Seeing double

Miki Johnson

Crisp, black-and-white prints of twins multiply along the walls of the cozy, upstairs gallery. In the adjoining room, Bombay’s prostitutes stare with penetrating gazes at the woman capturing them in garish colored photos.

These two collections — “Twins” and “Falkland Road: Prostitutes of Bombay” respectively — which serve to chronologically and stylistically bracket the career of photographer Mary Ellen Mark, have been brought together for the most recent exhibition at Columbia College’s Museum of Contemporary Photography.

“‘Falkland Road’ is much looser in composition,” said Rod Slemmons, the museum’s director. “These (‘Twins’) are very controlled studio photos. You can see (Mark’s) work getting more and more that way.”

A free opening-night reception at the Museum of Contemporary Photography, 600 S. Michigan Ave., will offer the public food and refreshments while they absorb Mark’s work and a second, complementing exhibit featuring pieces from the museum’s permanent collection.

“Ditto: Multiples from the Collection” uses photos — most donated by David Ruttenberg, a founding member of the museum’s advisory committee who died last year — from the museum’s more than 6,500 to highlight the theme of duplication in Mark’s “Twins.”

“We tried to support this show by pulling stuff out of our collection,” Slemmons said, adding that the museum tries to organize at least a few shows a year that draw primarily from its standing collection.

Those attending tonight’s opening also will be able to view the 16-minute movie “Twins,” directed by Mark’s husband, Martin Bell, which was made while Mark was completing the work for her most recent photography book.

Once Mark had finished photographing a set of twins they were asked 20 questions in front of Bell’s film crew. Excerpts from the interviews were included in Mark’s resulting book, “Twins,” which will be on display at the museum.

Slemmons said the movie, which is one of several that have accompanied and chronicled Mark’s more recent photographic endeavors, are important means of adding historical background to her art.

“She agonizes about exploitation,” he said. “She’s very concerned with contextualization.”

One explanatory plate introducing Mark’s work states that she “is suspicious of photography’s ability to communicate without deception.” Yet Slemmons also would challenge viewers to be suspicious of Mark’s proclaimed aversion to intruding on her subjects.

“You have to ask yourself where she was standing when she took this picture,” he says, pointing to photo of a young Indian woman peering up from a mattress, her face half-hidden behind the shoulder of her assumed client on top of her.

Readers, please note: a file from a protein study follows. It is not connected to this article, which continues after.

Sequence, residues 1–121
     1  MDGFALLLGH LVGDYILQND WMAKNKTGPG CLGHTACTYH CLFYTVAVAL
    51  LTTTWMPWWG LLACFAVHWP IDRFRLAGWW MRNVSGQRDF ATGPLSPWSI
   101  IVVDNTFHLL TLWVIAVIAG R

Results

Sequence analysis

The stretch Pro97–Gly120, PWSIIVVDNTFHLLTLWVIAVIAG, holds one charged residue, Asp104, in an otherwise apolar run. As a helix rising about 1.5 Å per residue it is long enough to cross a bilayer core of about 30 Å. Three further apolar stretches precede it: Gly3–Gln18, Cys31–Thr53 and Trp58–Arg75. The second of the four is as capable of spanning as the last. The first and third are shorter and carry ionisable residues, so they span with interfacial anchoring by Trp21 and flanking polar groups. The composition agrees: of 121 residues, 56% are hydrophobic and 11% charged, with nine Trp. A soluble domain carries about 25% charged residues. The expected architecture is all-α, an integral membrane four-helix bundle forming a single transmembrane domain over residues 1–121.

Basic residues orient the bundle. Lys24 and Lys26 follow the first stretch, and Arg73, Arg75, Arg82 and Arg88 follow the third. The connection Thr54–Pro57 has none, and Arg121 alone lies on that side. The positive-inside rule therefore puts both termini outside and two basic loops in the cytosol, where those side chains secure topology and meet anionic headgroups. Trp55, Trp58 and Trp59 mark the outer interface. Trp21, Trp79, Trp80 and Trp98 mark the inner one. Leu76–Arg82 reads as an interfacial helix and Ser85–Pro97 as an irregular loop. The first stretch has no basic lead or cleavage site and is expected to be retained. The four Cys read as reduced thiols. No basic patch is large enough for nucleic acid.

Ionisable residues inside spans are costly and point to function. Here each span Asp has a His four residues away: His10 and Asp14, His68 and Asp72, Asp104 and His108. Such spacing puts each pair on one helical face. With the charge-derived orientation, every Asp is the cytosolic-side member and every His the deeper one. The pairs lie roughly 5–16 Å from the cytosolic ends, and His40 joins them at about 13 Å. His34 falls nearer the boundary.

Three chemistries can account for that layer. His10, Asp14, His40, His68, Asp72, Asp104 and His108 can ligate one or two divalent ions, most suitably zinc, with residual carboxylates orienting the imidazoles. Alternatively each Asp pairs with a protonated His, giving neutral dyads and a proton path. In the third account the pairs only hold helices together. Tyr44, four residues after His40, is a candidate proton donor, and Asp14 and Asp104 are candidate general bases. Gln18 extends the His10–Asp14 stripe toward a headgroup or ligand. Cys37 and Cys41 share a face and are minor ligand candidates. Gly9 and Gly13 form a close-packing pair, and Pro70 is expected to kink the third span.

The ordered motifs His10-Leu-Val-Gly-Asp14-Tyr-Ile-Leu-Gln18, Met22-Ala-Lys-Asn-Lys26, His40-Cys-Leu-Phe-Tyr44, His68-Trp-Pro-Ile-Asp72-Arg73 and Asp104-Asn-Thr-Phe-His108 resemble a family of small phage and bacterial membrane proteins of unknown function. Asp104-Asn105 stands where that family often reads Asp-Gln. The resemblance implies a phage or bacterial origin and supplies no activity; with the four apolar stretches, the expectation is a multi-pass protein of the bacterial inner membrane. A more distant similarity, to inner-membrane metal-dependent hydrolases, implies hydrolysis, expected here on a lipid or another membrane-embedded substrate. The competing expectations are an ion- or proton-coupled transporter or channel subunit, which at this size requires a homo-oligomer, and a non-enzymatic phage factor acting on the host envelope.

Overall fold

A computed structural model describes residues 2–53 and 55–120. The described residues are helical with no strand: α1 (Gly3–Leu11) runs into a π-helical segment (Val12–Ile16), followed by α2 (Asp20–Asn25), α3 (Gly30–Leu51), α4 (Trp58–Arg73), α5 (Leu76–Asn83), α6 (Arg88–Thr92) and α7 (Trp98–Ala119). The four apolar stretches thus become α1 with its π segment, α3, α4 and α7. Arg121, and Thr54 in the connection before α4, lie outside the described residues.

But Slemmons also is quick to point out that what Mark does with her camera is really “investigative journalism” and not always intended to stand as simply art. Another of the exhibit’s panels excerpts Mark’s book, “Falkland Road,” telling the story of her repeated visits to the brothels along Bombay’s famous “red-light” road and the painfully slow process of gaining the women’s trust.

“In October of 1978 I decided to return to Bombay and try somehow to … photograph these women,” she wrote in the book’s introduction. “I had no idea if I could do this but I knew I had to try.” Mark spent almost 13 years on the project.

The photos from “Twins” lie at the opposite end of a spectrum that is still highly recognizable as Mark’s own. This time the intrusion is overt — sets of twins gathered for Twinsburg, Ohio’s, Twins Festival were clearly posed for the huge camera inside Mark’s carefully lit portable photo studio. But the subject matter also is “softer,” and the twins “wouldn’t have been there in the first place if they had a problem with (appearing in photos)” Slemmons pointed out.

The unchanging background in these prints emphasizes the repetition of their subjects while the extreme detail allows viewers to observe subtle genetic differences between the pairs.

The photos are produced on a 20-by-24-inch one-time polaroid, which is exactly the same size as the print. Because the pictures are not enlarged from a smaller negative (as with 35mm film), the tiniest details are amazingly clear.

“There’s a little bit for everybody (at the museum),” said Stephanie Conaway, its manager of exhibitions, adding that the works from the museum’s permanent collection should satisfy those searching for “traditional photography” while at least part of Mark’s work is “not too out there” either.

And Slemmons said he expects a little bit of everyone to show up at tonight’s opening. Although the museum’s openings are popular with students, Slemmons said he expects many visitors from outside the college, especially now that classes are out for the summer.

Unlike most openings the museum hosts, the artist will not be available for the opening of her work. Mark was recently at Columbia, however, to receive an honorary degree and will return Sept. 30 to discuss the exhibition. The show will run through Oct. 5.

Managing Editor Miki Johnson is a Medill senior. She can be reached at [email protected]